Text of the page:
But there are other concerns. Abul Ela, who is also vice-president of Pharos University, argues that the Leviathan field is within Egyptian territorial waters. Together with a group of scientists, he believes that existing economic borders used by the Ministry of Petroleum are in error. Because of this, Israel has claimed ownership of Leviathan.

“We warned against imports from this particular well because that would jeopardise our chances of proving our point should we decide to file for international arbitration,” he said.

If there had been a case in court, or if the government did not officially recognise internationally signed agreements, the Egyptian private sector would not be making deals to import gas from the field, explained Abu Bakr.

Despite the official political and economic normalisation of relations between Egypt and Israel, public opinion remains pretty much against normalisation. The average citizen views dealing with Israel as akin to committing treason, especially with the recent increase of Israeli violence against Palestinians in the occupied territories.

And what has increased sensitivity to the gas issue in particular is how Egypt’s gas was sold to Israel at below-market rates by the Mubarak-era tycoon Hussein Salem, causing Egypt to forfeit billions of dollars in revenues.

What is needed is greater transparency but the Petroleum Ministry is doing things the same old way, said energy analyst Amr Kamal Hammouda. To Hammouda, there is more than meets the eye in this deal. He understands that the government has been having a hard time covering the energy needs of the private sector, which has affected production.

“It is better that they provide for themselves their needs of energy,” he said. But Hammouda believes there were other quicker options besides Israel. Russia, he said, is a friendly country that could have even provided payment facilitations.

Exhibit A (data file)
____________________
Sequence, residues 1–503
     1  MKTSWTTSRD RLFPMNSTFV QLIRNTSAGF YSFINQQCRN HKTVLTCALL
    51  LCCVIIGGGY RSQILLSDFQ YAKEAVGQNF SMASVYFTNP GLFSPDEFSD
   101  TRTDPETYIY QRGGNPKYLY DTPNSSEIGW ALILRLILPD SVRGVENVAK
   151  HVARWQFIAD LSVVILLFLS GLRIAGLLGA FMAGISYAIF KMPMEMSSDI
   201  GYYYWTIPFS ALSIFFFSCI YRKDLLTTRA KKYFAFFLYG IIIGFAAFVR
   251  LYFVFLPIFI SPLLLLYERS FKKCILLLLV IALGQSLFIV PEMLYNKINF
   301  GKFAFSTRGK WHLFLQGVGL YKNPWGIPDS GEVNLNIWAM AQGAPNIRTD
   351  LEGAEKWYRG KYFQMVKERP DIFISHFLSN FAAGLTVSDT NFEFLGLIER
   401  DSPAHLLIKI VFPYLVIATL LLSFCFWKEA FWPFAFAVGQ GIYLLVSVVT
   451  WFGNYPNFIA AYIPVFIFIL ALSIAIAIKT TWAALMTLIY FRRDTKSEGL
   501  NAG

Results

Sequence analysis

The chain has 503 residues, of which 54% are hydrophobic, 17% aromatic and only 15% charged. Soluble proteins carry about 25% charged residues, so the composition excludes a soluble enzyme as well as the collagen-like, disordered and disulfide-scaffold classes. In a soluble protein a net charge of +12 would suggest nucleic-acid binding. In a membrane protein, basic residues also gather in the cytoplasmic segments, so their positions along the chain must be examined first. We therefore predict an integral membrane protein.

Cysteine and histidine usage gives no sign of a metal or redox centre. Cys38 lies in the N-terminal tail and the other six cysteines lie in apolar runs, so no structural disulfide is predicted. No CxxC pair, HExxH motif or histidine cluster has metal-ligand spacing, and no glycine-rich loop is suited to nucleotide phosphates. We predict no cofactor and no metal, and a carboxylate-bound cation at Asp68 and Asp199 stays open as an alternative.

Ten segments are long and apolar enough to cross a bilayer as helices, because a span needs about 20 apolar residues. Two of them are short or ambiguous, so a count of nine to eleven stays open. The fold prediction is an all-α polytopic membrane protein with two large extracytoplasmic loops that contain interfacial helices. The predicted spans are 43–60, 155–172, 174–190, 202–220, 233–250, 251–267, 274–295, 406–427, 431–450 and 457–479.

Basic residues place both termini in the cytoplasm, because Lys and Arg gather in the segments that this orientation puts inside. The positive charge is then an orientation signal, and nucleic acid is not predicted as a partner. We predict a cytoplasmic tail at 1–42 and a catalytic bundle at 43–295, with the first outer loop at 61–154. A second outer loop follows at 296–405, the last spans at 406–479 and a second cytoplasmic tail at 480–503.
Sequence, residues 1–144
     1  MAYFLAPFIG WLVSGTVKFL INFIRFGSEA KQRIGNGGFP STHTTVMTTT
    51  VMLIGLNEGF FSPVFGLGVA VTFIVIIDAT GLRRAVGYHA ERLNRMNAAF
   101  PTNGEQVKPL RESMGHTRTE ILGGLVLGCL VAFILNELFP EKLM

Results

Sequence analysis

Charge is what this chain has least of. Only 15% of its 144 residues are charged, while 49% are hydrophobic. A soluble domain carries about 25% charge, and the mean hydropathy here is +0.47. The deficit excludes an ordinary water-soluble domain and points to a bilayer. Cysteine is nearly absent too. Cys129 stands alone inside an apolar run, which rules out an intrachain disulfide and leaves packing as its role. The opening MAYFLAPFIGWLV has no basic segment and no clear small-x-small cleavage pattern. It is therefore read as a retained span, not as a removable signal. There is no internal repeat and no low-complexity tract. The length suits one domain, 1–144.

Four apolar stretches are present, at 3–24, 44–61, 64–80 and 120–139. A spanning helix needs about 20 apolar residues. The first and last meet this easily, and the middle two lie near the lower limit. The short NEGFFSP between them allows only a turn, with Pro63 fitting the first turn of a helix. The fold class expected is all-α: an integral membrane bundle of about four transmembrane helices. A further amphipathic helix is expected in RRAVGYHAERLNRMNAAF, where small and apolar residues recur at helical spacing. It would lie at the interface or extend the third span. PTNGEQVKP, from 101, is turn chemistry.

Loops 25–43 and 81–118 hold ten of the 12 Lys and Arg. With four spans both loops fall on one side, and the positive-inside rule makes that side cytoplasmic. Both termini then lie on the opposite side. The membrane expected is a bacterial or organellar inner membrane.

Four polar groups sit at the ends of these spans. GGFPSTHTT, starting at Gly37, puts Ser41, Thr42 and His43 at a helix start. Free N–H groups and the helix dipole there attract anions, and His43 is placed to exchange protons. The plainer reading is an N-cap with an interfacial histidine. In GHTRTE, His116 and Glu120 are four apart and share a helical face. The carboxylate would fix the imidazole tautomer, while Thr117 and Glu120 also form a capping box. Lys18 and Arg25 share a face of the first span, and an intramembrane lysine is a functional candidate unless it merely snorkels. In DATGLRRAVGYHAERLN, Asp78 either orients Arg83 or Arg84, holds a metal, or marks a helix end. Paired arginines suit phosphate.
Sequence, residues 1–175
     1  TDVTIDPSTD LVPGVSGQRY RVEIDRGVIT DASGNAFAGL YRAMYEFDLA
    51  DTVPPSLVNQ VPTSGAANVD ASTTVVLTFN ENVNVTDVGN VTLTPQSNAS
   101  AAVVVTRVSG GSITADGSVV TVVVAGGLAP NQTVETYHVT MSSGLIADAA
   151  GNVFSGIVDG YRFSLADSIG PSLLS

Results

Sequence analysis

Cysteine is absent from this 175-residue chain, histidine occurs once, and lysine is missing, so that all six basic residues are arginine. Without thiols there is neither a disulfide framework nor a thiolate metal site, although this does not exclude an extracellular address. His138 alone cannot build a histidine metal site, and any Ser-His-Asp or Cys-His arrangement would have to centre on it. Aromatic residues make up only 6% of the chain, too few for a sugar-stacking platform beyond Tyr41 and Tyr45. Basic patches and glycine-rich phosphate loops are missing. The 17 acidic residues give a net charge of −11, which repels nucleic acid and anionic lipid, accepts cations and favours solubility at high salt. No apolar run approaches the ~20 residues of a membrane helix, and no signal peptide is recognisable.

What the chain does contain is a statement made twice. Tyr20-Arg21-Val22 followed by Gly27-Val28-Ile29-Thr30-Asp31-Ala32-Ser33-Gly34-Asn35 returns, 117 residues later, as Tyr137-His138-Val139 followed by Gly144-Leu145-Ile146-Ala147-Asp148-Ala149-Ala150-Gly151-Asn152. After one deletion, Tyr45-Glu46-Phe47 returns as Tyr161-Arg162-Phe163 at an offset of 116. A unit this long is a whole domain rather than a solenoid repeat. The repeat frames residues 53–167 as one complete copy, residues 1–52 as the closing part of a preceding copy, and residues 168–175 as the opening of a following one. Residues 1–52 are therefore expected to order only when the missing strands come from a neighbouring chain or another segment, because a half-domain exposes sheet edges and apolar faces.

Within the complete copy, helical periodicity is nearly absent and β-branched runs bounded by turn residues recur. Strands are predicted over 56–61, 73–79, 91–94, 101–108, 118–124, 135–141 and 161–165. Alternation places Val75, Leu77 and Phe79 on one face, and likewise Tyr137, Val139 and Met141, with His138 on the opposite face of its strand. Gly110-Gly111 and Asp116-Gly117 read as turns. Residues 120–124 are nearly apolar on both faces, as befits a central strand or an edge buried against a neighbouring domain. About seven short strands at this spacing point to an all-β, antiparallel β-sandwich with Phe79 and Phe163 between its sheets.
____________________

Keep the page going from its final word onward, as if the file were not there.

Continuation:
The private sector’s energy shortages were particularly acute this summer as most fuel was directed toward energy production. The problem began to ease only recently. According to Abu Bakr, Egypt’s local production covers 80 per cent of its needs.

The remaining 20 per cent is imported and processed in two floating re-gasification plants that Egypt recently invested in to help it secure its energy needs. The amount that is imported, he explained, is needed by the electricity sector during the summer, when demand for electricity is high. When the summer ends, that 20 per cent suffices for electricity production as well as factories.

The deal over Leviathan gas would not be the first time Dolphinus has signed a contract for Israeli gas. In March this year Dolphinus agreed to purchase a minimum of five billion cubic metres of gas for the first three years from the Tamar field, near Leviathan.

In the meantime Leviathan’s partners are also in negotiation with British Gas (BG) on a potential supply deal to BG’s liquefied natural gas plant in Idku, Egypt, the Delek Group press release said.

A final deal to import from Leviathan would depend on approval by authorities in both countries, according to the press release.

A press release by the Egyptian Petroleum Ministry issued when the deal was announced also stressed that the importation of gas by the Egyptian or foreign private sector hinges on government approval as well as the “achievement of the national interest”, added value to the Egyptian economy and the resolution of arbitration cases filed against Egypt.

The Union Fenosa Gas plant in Damietta, which shut down in 2012 due to lack of delivery of gas supplies from the Egyptian government, filed a complaint with the International Chamber of Commerce in 2013 that a state partner had failed to comply with contracts.

The plant is 80 per cent owned by Union Fenosa Gas while the remaining 20 per cent is split between state-owned companies EGAS and EGPC. Prompted by the shortage of fuel, the Egyptian government stopped supplying gas to the liquefaction plant and redirected it to pressing domestic uses such as electricity plants.

The release also said that the ministry has no objection to allowing private sector companies to import gas for their own use or for a range of industries using the extensive infrastructure and facilities owned by the state in exchange for a tariff.

The press release added that the government is currently working to transform Egypt into a strategic hub for natural gas to bring added value to the Egyptian economy, support economic growth, attract investment, create new job opportunities and support regional stability.

Jordan has also agreed to buy gas from Leviathan for 15 years, in a deal that could be worth up to $15 billion, Reuters reported.